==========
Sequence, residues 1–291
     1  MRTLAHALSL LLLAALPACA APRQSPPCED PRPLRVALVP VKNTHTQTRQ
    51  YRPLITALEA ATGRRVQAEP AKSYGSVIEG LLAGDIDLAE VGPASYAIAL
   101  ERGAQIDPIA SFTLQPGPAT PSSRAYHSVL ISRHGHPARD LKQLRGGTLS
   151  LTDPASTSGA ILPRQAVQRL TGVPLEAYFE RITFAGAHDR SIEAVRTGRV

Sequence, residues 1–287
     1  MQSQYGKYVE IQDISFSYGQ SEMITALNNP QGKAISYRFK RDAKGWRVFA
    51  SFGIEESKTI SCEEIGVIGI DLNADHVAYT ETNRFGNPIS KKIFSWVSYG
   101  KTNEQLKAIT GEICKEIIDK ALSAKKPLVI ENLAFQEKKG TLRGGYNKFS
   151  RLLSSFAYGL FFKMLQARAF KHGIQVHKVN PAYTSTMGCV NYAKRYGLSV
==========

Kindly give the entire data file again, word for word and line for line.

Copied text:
Sequence, residues 1–291
     1  MRTLAHALSL LLLAALPACA APRQSPPCED PRPLRVALVP VKNTHTQTRQ
    51  YRPLITALEA ATGRRVQAEP AKSYGSVIEG LLAGDIDLAE VGPASYAIAL
   101  ERGAQIDPIA SFTLQPGPAT PSSRAYHSVL ISRHGHPARD LKQLRGGTLS
   151  LTDPASTSGA ILPRQAVQRL TGVPLEAYFE RITFAGAHDR SIEAVRTGRV

Sequence, residues 1–287
     1  MQSQYGKYVE IQDISFSYGQ SEMITALNNP QGKAISYRFK RDAKGWRVFA
    51  SFGIEESKTI SCEEIGVIGI DLNADHVAYT ETNRFGNPIS KKIFSWVSYG
   101  KTNEQLKAIT GEICKEIIDK ALSAKKPLVI ENLAFQEKKG TLRGGYNKFS
   151  RLLSSFAYGL FFKMLQARAF KHGIQVHKVN PAYTSTMGCV NYAKRYGLSV